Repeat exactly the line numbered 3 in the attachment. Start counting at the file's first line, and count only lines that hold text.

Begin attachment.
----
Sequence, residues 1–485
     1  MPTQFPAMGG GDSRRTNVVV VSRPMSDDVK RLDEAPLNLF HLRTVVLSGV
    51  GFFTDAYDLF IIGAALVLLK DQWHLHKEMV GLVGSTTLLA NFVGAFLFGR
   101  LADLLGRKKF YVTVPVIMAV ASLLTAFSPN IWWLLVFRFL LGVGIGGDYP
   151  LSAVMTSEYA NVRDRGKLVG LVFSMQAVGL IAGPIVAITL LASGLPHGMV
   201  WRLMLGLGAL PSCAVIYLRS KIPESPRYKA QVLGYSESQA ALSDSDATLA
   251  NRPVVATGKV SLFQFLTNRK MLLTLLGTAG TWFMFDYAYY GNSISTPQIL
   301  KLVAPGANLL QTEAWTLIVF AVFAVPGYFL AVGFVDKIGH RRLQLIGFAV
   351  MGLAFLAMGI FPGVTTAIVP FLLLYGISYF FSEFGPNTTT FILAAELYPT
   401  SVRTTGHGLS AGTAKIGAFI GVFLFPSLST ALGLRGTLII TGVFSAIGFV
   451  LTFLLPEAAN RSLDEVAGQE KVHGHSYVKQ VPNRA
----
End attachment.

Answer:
    51  GFFTDAYDLF IIGAALVLLK DQWHLHKEMV GLVGSTTLLA NFVGAFLFGR